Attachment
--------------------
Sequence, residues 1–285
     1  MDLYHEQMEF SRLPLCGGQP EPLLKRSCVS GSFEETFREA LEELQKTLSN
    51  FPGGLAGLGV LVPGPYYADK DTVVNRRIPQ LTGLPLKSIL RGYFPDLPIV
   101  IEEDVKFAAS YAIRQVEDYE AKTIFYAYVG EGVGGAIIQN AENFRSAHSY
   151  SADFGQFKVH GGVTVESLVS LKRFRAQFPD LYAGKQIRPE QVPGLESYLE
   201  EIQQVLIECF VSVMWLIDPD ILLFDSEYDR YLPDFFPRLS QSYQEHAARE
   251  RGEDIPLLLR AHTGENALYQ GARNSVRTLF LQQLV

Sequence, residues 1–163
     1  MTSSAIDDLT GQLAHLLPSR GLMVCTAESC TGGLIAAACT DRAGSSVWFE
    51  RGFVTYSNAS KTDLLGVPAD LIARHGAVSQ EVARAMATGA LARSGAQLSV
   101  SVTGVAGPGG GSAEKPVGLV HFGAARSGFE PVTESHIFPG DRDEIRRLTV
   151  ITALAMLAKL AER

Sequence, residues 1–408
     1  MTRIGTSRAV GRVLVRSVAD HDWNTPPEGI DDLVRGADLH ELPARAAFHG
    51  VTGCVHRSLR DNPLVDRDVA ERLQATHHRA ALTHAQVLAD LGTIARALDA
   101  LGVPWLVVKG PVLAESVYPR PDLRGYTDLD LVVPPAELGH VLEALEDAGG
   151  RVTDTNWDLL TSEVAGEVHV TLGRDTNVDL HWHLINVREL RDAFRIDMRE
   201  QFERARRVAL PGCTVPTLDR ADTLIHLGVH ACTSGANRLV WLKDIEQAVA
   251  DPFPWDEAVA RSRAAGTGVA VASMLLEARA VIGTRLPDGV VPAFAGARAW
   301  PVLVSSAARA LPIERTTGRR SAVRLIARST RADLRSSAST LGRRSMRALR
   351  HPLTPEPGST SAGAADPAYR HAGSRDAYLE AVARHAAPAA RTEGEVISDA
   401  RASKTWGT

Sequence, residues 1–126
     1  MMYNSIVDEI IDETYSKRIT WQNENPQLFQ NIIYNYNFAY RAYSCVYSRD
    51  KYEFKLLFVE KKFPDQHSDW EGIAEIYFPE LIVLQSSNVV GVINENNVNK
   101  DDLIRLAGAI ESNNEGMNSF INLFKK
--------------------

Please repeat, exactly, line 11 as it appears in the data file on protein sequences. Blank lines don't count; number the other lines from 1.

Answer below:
   101  SVTGVAGPGG GSAEKPVGLV HFGAARSGFE PVTESHIFPG DRDEIRRLTV